There has been much talk about decreasing the state sales tax. The issue has had various ideas presented, tax-free energy bills, tax-free food (an idea I very much like), but this one presented by the Governor, again, I was shocked, pleasantly shocked, that he reminded the legislators of a point that has not yet come up:

However, there is one tax relief obligation created by the legislature in 1995 that we can fulfill without new legislation. In 1995 the legislature extended and made permanent a fourth cent sales tax. There is a little noted and apparently not long remembered provision of this extension that provides that at the time financial solvency returns, the sales tax be reduced by one-half of 1 percent, thus reducing the statewide sales tax to 3 and one-half percent. This action does not require two-thirds vote for introduction or the passages of separate legislation. The budget bill alone can trigger the reduction in taxes and will simply allow $35 million to remain in the general fund as required by Wyoming Statute 39-15-104(d). The 1995 Governor’s message clearly articulates that the extension of the fourth penny sales tax was to be limited and that one-half of 1 percent was to be removed when revenues increased. Now, the estimated cost of this action was about $73 million a year, and that includes appropriation that would be necessary to keep local governments funded. This action is taken meaning a 12 and a half percent reduction in the state sales tax and means 73 million more dollars in the taxpayers’ pocket. We are certainly not in a position now to tell the public that no tax relief is appropriate in view of this statutory language and our current financial circumstance.

Wyoming is indeed in a financialy solvent position (large surpluses several years running now). I support this call to lower the sales tax to 3.5%. I still support the idea of making food tax free though!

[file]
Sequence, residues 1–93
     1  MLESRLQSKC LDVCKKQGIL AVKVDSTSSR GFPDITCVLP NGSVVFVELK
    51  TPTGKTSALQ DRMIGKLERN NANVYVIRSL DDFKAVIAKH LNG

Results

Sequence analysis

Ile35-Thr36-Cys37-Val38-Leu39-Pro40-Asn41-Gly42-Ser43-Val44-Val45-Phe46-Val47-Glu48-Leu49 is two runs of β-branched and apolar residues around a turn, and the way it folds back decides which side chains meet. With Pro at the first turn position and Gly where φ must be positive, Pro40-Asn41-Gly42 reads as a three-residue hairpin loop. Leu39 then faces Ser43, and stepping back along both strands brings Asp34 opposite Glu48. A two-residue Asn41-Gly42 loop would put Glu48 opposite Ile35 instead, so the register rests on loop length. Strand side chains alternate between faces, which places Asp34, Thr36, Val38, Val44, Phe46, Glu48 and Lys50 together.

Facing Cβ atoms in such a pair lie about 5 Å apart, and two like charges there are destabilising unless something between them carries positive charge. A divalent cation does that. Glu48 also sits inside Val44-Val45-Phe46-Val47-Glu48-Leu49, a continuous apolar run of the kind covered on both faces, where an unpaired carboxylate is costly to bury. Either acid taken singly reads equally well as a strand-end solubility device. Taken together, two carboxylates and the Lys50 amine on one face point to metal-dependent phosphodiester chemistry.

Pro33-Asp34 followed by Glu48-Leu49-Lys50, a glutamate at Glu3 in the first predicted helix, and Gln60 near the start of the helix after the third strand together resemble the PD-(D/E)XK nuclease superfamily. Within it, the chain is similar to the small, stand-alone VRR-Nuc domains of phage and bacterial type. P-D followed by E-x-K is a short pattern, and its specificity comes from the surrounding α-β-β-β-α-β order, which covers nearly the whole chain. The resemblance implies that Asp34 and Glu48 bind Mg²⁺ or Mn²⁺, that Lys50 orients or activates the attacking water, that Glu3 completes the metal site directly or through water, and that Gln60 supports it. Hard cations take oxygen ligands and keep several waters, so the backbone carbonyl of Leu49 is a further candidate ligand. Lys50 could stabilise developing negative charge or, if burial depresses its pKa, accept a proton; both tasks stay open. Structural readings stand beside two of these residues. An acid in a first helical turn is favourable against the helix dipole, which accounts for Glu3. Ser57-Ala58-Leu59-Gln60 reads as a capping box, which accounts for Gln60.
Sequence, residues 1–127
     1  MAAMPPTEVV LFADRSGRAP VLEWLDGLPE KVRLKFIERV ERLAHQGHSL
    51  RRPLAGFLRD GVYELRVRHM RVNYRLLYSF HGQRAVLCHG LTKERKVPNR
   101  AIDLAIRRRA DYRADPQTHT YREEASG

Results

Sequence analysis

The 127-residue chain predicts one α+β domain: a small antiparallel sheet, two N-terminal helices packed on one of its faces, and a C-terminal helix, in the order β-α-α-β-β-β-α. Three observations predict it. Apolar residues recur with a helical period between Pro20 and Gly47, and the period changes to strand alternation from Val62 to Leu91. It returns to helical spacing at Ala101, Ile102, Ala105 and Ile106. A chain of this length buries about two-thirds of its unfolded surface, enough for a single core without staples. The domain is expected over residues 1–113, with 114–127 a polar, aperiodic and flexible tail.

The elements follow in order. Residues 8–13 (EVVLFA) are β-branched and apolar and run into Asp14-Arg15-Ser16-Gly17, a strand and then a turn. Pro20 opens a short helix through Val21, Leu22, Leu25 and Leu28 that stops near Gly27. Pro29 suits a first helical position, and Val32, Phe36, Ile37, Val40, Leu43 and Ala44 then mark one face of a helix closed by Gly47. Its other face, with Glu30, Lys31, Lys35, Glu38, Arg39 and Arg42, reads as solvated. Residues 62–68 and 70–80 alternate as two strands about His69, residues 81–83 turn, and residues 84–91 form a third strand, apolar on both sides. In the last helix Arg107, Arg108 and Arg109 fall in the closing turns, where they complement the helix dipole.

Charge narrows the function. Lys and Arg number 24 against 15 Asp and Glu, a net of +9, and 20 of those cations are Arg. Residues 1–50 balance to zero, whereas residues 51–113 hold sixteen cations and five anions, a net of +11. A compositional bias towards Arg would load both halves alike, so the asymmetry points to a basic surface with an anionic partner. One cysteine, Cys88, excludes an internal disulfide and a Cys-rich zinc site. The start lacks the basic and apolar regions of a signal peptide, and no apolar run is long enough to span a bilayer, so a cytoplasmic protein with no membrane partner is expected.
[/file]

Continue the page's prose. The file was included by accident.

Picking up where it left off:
You can read the entire speech here



  1. I disagree with the food tax exemption. This only reduces an already limited tax base in Wyoming and yet creates another administrative (more government) issue for the Department of Revenue.

    The sales tax rate should have been automatically reduced by .5% or the rate should have been cut from 4 to 3. This is the most efficient way to handle tax releif for the people of Wyoming.

    By cutting the temporary tax back to 3, the legislature would have opened the door for future tax increases when needed. This idea that any cut will not be temporary is ludicrous . Future legislators could have banked the graditude and actually gained some trust from Wyoming citizens through such an action. Instead they want to hord money and play games to satisfy the will of lobbyists supporting more government programs and spending.

    The increased spending in State and local government is appalling. Some poor local governments revenue streams have been helped, however rich cities, towns, and counties were also given additional revenues. Why?

    Local government is best, however less government is even better. Less government is something I have never seen!

  2. Thanks for commenting!

    I agree that the .5% cut should have gone into effect (or even a full 1% as you suggested). My support of tax-free groceries comes from reading material on the Fair Tax (a proposed replacement for the Federal income tax), which is a federal sales tax that doesn’t tax neccesseties.

    Having said that, I have my share of disappointments with this last session, but that’smore than I have time to write at the moment.